Job's answer to Bildad begins with a sarcastic retort. Bildad's advice has not helped him. He then picks up the theme of Bildad's words and speaks about the greatness of God's power and wisdom, especially as it is displayed in nature. Bildad thinks he knows God, but Job, who knows him better, is deeply aware of the smallness of his own knowledge.

Prayer: Lord, cleanse me from sin and help me to know you.

One Word: Righteousness is God's gift


Job 27:1-28:28

Key Verse: 28:28

1. I will not deny my integrity (27:1-10)

Job firmly decides in his heart not to go over to the side of God's enemies. He will not confess to sins he has not committed. He does not understand, but he will be faithful to God.

2. The fate God allots the wicked (11-23)

The wicked are those who never delight in God or call on him; they are ruthless toward their fellow man. They appear to be wealthy and successful, but terror will overtake them like a flood.

3. Where can wisdom be found? (28:1-28)

Therefore, Job does not understand why he suffers like the wicked. Where can one find wisdom and understanding? He describes the mining techniques by which men search for precious metals and jewels. To find wisdom is infinitely harder. Only God understands the way to wisdom (23,24). For man, the fear of the Lord is the beginning of wisdom.

Prayer: Lord, my wisdom and understanding are so limited. Teach me to walk in the fear of the Lord and give me wisdom.

One Word: Fear God--shun evil


Job 29:1-30:31

Key Verse: 29:3,4

1. When I walked by God's light (29:1-25)

Job remembers the blessed days of intimate friendship with God. He knew where he was going, for he had God's light shining on his head. He was like a tree whose roots reach the water. He helped the poor and fatherless (an answer to Eliphaz–22:9) and he was respected by all.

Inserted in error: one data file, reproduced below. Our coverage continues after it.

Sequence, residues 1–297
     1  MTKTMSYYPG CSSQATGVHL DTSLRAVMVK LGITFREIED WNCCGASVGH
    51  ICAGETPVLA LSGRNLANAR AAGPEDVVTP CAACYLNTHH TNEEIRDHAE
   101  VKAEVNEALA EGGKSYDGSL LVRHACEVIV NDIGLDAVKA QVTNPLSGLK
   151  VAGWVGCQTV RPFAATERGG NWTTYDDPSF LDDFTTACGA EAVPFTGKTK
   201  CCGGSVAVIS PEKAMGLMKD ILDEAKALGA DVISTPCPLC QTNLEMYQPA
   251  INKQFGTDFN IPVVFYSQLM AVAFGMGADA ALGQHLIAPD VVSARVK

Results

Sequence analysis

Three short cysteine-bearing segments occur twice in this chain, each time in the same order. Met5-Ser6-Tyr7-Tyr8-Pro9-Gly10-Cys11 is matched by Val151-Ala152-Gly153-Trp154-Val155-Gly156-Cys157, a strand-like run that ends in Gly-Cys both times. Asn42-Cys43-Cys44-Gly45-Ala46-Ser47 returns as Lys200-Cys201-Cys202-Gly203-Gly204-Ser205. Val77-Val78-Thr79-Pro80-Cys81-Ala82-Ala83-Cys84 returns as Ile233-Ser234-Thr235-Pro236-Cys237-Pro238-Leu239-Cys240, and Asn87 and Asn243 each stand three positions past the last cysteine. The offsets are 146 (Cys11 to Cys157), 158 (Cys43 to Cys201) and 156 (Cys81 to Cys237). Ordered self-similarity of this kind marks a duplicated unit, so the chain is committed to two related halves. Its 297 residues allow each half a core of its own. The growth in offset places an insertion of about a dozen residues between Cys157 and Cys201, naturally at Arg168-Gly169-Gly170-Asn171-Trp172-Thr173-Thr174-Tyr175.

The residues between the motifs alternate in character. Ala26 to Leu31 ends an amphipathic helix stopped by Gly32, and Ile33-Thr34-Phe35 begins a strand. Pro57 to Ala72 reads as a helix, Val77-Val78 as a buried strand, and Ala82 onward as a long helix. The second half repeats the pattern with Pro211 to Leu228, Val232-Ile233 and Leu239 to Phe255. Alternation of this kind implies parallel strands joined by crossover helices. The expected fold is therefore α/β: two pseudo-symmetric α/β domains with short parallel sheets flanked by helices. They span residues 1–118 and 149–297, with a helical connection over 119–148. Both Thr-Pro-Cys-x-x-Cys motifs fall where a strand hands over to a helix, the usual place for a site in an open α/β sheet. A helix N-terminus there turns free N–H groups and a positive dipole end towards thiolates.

2. The churning inside me never stops (30:1-31)

Job's misery is compounded by the disdain and mockery which he receives from certain young men, sons of men of base character. Since God has “unstrung my bow,” leaving him helpless and vulnerable, these men are quick to take advantage of his defenselessness. However, the most painful part of Job's agony is the inner suffering which comes because he cannot meet God or understand what God is doing. He longs for his fellowship with God to be restored, but God doesn't seem to hear his cries. So the churning in him never stops.

Prayer: Lord, grant that I may walk through darkness by your light, and through life in intimate friendship with you.

One Word: Seek friendship with God


Job 31:1-40

Key Verse: 31:4

1. A covenant with my eyes (1-12)

Job was a man of integrity. He knew right from wrong, and he sought to do what was right. He did not allow his heart to be led by his eyes, so he maintained a pure heart and life.

2. To act justly (13-23)

Job feared God. He knew that God created all men equal (15). He sought social justice. He fed the hungry, cared for widows and orphans, provided warm clothes for the destitute, and used his influence to protect the helpless.

3. To trust God, not gold (24-40)

Love of money is idolatry. It is unfaithfulness to God (24-28). Rejoicing in the misfortune of an enemy, failing to practice hospitality toward strangers, holding in the heart unrepented sins, misusing the land, cheating tenants or the landlord--all of these are sins of which Job is innocent. He completes his defense and signs it.

Prayer: Lord, teach me Job's integrity. I want to give my heart to you so that you may keep me pure.

One Word: Make a covenant with your heart


Job 32:1-33:33

Key Verses: 33:28

1. The Spirit gives understanding (32:1-22)

Elihu makes four speeches in chapters 32-37. He is the one whom God does not rebuke (42:7,9). He hesitated to speak because of his youth. But he is like a new wineskin, ready to burst. He is angry with Job because Job is righteous in his own eyes. He is angry with the three friends because they condemn Job but do not really answer him. Elihu has something to say. If God's Spirit is in a man, then his age doesn't matter.

2. God does speak (33:1-33)

Elihu admits that he is also made of clay, just like Job. No man is pure and sinless. God is greater than man. God does speak to man--in many ways. God's purpose is always to turn a man from sin and save his soul (18). Every man needs a mediator--but there is only one mediator between God and man (1Ti 2:5). God restores suffering men; then they realize that they are sinners. When God redeems one's soul, he lives to enjoy the light.

Prayer: Lord, thank you for Jesus, our only mediator. Thank you for redeeming my soul.

One Word: God redeems the soul


Job 34:1-35:16

Key Verses: 35:10,11

1. God can do no wrong (34:1-37)